|Left: the seven essential mental feelings, thoughts, or states associated with flow, according to the 2008 views of Csíkszentmihályi. |
In the 1970s, the flow model was developed by Croatian-born American psychologist Mihály Csíkszentmihályi in his studies of the behaviors of exceptional people, particularly artists and scientists. The state of "flow", as the following digram shows, according to Csíkszentmihályi, arises when both the level of challenge is high and the level of a one's skill sets are high.
To give a prime example of the mental flow state, as Csíkszentmihályi has quantified it, American engineer Willard Gibbs commented about the writing of his famous 300-page Equilibrium paper, otherwise known as the principia of thermodynamics, written over a period of three years, 1875-78, that: 
“[I had no] sense of the value of time, of my own or others, when I wrote it.”
The theory or state of "flow", as it is now viewed in positive psychology, is a state of mind or life where there is no disorder to straighten out, or threat to the self to defend against, such that the release of liberated psychic energy is used or invested successfully in chosen goals. In short, flow is a state of concentration or consciousness so focused that it amounts to absolute absorption in an activity.
The energy-entropy modeling of the flow theory, loosely described as the psychodynamics of happiness, was developed beginning in the 1970s by Croatian-born American psychologist Mihály Csíkszentmihályi and popularized by his 1990 book Flow: the Psychology of Optimal Experience.
The term "flow" was named as such due to interviews of 173 subjects, in the 1970s, where people often described their 'flow' experiences using the metaphor of a current carrying them along.  States of flowing activity are described as a condition of "optimal experience", where a one is in top form, and a feeling of timelessness results. States of flow experience are considered as the opposite of psychic entropy or negentropy.
As Csíkszentmihályi notes in the following 2008 TED talks lecture “Creativity, Fulfillment and Flow”, he was pulled into the study of the psychology mental states, particularly those states in relation to the effect that the Second World War had on those who lost their jobs, security, and homes, etc., by accident during a weekend ski-trip in Zurich.
In particular, Csíkszentmihályi says that, by chance, the snow melted and that, being without spending money for other forms of entertainment, he was forced into the option of attending a free lecture on the mental projections of flying saucers, explained in the lecture as a residual effect of war traumatization, by Swiss psychologist Carl Jung. Jung, in turn, passed on his ideas on the energy and entropy of mental function to Csíkszentmihályi.
Csíkszentmihályi soon decided to devote his researches to the study of the aspects of activities that make people happy. In one of his early interviews of a famous music composer, Csíkszentmihályi made particular note of the following of the state of ecstasy described by the composer in his most productive state:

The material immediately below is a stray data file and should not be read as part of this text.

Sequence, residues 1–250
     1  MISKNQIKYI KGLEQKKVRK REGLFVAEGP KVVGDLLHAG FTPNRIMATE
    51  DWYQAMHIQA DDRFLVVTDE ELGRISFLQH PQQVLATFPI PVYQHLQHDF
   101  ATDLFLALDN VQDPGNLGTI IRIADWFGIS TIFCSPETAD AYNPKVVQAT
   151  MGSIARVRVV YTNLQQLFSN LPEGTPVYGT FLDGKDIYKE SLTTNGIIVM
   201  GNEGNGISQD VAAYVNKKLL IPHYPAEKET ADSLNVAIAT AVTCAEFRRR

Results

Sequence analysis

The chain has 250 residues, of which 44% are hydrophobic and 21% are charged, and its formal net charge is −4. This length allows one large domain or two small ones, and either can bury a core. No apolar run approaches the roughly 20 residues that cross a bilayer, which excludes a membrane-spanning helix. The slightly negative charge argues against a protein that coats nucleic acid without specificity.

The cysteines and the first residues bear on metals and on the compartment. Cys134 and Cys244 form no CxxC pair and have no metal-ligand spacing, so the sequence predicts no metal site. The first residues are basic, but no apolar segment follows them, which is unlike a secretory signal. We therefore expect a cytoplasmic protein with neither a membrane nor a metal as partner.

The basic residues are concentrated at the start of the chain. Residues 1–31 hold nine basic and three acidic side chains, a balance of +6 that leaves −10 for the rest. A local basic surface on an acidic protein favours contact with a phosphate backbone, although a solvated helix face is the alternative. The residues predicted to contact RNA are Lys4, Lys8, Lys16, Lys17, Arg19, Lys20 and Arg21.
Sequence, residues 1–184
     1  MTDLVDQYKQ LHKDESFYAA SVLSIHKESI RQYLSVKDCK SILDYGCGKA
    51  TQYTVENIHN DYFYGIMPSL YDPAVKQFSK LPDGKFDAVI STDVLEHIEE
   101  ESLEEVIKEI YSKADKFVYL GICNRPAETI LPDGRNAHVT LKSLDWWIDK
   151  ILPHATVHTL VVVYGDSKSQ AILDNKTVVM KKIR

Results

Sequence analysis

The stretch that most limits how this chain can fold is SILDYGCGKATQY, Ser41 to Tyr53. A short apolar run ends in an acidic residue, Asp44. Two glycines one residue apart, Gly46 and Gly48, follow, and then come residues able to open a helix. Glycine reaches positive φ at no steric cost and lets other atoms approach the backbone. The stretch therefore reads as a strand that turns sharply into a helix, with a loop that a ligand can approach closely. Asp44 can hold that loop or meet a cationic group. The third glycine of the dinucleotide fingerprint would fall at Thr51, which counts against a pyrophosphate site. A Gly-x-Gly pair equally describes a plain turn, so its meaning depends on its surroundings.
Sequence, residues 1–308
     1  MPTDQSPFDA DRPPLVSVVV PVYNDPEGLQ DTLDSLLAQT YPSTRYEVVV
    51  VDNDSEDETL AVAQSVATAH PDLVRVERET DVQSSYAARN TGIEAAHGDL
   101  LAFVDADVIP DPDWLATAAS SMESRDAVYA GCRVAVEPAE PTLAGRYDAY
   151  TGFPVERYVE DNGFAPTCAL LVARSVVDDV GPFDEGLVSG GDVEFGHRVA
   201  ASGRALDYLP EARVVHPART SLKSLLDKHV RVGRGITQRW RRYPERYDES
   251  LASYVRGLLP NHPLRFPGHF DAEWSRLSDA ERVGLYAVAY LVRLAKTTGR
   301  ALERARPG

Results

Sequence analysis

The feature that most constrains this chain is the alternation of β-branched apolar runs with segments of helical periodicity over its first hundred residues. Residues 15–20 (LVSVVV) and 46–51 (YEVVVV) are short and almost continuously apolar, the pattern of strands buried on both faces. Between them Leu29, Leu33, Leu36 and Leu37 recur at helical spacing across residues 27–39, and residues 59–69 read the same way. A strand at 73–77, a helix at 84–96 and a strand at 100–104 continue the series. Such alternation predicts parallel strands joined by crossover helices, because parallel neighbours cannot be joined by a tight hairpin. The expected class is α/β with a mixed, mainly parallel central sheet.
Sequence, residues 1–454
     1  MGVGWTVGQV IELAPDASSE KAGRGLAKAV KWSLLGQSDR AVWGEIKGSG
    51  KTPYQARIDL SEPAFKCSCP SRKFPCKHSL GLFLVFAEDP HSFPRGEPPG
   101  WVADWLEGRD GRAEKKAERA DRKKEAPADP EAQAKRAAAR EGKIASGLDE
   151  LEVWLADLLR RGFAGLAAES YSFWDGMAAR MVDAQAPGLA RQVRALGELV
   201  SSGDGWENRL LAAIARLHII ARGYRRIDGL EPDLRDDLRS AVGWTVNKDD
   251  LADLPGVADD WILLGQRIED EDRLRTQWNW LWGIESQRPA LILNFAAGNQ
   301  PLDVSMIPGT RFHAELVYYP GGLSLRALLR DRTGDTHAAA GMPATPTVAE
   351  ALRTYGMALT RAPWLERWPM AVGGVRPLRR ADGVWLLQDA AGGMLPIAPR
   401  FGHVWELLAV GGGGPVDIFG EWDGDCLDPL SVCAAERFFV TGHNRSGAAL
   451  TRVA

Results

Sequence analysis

“You are in an ecstatic state to such a point that you feel as though you don’t exist … my hand seems devoid of myself, and I have nothing to do with what is happening. I just sit there watching it in a state of awe and wonderment. And [the music] just flows out of itself.”
In reference to flow in the workplace, Csíkszentmihályi cites the following quote by Sony founder electronics inventor Masaru Ibuka, in explaining the purpose of incorporation of Sony:
“To establish a place of work where engineers can feel the joy of technological innovation, be aware of their mission to society, and work to their heart’s content.”
The following are related quotes:
“The calm prosperity of your reign has given us the leisure to follow these studies of quiet and retirement.”— Robert Hooke (1665), “Epistle to the King” of Micrographia 
1. (a) Thims, Libb. (2007). Human Chemistry (Volume One), (pg. 173). (preview), (Google books). Morrisville, NC: LuLu.
(b) Thims, Libb. (2007). Human Chemistry (Volume Two), (pgs. 646-47, 665, 677). (preview), (Google books). Morrisville, NC: LuLu.
2. Cropper, William H. (2004). Great Physicists: the Life and Times of Leading Physicists from Galileo to Hawking, (section II: Thermodynamics, pgs. 41-134; ch. 9: “The Greatest Simplicity: Willard Gibbs”, pgs 106-23, esp. 110). Oxford University Press.
3. Csíkszentmihályi, Mihály. (2008). “Creativity, Fulfillment and Flow” (18:56 video), TED talks, October.
4. (a) Csíkszentmihályi, Mihály. (1990). Flow - the Psychology of Optimal Experience. Harper Perennial.
(b) Thims, Libb. (2007). Human Chemistry (Volume One), (preview). (pg. 173). Morrisville, NC: LuLu.
5. Hooke, Robert. (1665). Micrographia: Some Physiological Descriptions of Minute Bodies made by Magnifying Glasses, with Observations and Inquiries Thereupon. Science Heritage, 1667.
● Csíkszentmihályi, Mihály (1975). Beyond Boredom and Anxiety. San Francisco, CA: Jossey-Bass.
● Csíkszentmihályi, Mihály (1996). Creativity: Flow and the Psychology of Discovery and Invention. New York: Harper Perennial.
● Csíkszentmihályi, Mihaly (1997). Finding Flow: the Psychology of Engagement with Everyday Life. Basic Books.
● Jackson, Susan A. & Csíkszentmihályi, Mihály (1999). Flow in Sports: The Keys to Optimal Experiences and Performances. Champaign, Illinois: Human Kinetics Publishers.
● Csíkszentmihályi, Mihály (2003). Good Business: Leadership, Flow, and the Making of Meaning. New York: Penguin Books.
● Mental state called flow – c2.com
● FlowTheory.com – 2005 MSc dissertation by Kay McMahon.